Elchanan was born on the 16th of Tamuz at 5:05 p.m. Now, three years later, hodu l’Hashem ki tov, ki l’olam chasdo, we, the Cohen family, invite everyone to celebrate Elchanan’s chalakeh (first haircut). The ceremony will be held, b’ezrat Hashem, on the 16th of Tamuz, Wednesday, July 12, at 5:05 p.m. at the Kotel plaza.
 
      Please join us to thank the Boreh Ha’olam for the nissim and niflaot He has done for us. Let’s get together to show our ahavat chinam one to another and unite at this special occasion as am hanivchar shel Hakodesh Baruch Hu. Let’s recite Nishmat Kol Chai together at our family’s very special moment.
 
      Refreshments will be served (Badatz Aida HaCharedit).
 

Ora Cohen

(Via E-Mail)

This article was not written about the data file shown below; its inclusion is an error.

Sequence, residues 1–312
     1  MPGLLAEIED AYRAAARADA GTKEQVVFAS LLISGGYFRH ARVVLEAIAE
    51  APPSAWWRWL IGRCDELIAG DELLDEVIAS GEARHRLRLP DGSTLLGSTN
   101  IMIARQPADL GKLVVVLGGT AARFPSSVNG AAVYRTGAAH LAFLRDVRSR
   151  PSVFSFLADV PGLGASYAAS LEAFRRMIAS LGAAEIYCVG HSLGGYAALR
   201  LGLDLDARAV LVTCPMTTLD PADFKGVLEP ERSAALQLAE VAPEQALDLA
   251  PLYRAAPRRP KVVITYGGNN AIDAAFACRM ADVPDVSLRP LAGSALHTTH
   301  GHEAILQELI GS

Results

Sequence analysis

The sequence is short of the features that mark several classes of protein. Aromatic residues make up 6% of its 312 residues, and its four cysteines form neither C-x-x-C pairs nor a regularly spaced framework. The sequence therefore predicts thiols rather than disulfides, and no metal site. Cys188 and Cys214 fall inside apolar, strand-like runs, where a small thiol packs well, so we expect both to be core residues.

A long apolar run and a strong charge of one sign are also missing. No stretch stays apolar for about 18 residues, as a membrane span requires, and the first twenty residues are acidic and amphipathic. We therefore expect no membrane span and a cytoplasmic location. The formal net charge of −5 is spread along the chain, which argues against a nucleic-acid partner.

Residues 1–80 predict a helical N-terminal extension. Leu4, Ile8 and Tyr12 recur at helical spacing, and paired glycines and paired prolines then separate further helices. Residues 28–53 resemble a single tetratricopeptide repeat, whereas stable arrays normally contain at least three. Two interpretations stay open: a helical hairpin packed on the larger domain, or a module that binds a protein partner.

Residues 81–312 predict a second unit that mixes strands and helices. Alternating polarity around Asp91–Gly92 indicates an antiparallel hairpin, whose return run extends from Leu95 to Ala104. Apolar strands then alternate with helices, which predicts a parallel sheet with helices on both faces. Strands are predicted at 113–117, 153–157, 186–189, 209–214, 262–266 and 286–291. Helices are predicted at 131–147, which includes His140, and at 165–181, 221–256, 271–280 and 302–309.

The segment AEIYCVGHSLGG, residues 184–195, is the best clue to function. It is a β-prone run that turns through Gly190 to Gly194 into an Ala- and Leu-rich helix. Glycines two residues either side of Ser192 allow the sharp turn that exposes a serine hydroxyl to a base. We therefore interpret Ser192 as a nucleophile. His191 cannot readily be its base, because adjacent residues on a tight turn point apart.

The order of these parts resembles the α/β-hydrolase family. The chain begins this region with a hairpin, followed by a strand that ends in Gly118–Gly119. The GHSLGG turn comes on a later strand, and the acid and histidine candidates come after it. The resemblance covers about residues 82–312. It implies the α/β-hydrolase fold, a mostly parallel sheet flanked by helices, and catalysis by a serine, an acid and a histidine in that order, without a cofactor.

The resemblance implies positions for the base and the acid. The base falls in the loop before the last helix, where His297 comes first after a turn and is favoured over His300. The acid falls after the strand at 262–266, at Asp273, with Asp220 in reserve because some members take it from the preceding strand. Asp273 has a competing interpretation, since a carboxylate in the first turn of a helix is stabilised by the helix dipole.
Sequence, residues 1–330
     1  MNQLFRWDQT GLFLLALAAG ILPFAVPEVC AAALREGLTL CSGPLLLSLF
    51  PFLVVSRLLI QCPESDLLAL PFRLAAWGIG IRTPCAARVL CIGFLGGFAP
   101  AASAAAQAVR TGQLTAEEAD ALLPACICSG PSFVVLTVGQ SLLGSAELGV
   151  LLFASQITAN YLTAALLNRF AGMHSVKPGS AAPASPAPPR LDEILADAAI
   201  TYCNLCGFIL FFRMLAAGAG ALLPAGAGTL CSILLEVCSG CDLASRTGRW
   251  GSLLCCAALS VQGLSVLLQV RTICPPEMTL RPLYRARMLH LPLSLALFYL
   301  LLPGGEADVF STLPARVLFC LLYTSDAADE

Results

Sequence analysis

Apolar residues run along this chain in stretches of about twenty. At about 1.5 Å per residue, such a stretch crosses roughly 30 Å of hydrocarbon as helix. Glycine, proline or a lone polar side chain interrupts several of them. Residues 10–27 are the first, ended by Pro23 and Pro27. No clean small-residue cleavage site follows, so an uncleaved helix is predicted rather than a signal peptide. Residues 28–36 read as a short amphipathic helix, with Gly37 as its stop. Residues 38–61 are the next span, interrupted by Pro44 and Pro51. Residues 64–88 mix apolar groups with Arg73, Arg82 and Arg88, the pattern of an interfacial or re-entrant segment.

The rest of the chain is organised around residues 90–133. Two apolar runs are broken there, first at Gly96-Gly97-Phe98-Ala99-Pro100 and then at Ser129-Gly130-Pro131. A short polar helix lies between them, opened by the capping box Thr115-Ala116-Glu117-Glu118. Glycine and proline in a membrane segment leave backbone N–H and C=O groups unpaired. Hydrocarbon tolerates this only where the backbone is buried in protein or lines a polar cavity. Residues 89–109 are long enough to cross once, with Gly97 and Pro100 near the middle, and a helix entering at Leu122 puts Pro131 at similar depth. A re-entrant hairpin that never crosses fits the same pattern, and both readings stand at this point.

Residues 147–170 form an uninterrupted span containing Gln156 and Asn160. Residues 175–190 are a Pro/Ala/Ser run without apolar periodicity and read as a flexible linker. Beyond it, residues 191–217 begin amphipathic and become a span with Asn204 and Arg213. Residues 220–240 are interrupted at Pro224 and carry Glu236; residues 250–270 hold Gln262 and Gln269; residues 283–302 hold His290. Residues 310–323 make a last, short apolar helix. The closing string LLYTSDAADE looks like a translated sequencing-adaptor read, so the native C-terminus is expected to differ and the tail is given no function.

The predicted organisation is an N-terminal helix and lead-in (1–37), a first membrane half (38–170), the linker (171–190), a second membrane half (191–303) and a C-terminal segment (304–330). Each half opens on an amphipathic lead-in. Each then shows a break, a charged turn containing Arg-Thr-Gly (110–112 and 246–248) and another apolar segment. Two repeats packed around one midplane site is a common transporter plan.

Sarah Lehmann Responds To Her Critics

      I have received an overwhelmingly positive response to my article “Why I Boycotted the Israel Day Parade” (op-ed, June 9), with many people telling me I voiced their own sentiments. The authors of the few letters to the editor on the subject that appeared in last week’s Jewish Press apparently did not read my article carefully, because they totally misconstrued its meaning and were, at best, confused about its intent.

      Of course “numbers count,” as reader Amy Wall stated in her letter, but an article in The Jewish Press is a far more effective protest than appearing at the parade in an orange shirt. Ms. Wall, in writing that the “existence of the State of Israel is a miracle,” seems to have lifted those words verbatim out of the article I wrote. It’s precisely because of this miracle that I deem it of the utmost significance to speak out on Israel’s behalf rather than merely praise it. At a time when Israel is in a state of crisis, beset by enemies around it and, worse, from within, it is incumbent on all of us to do our utmost to safeguard that gift that Hashem miraculously bestowed upon us.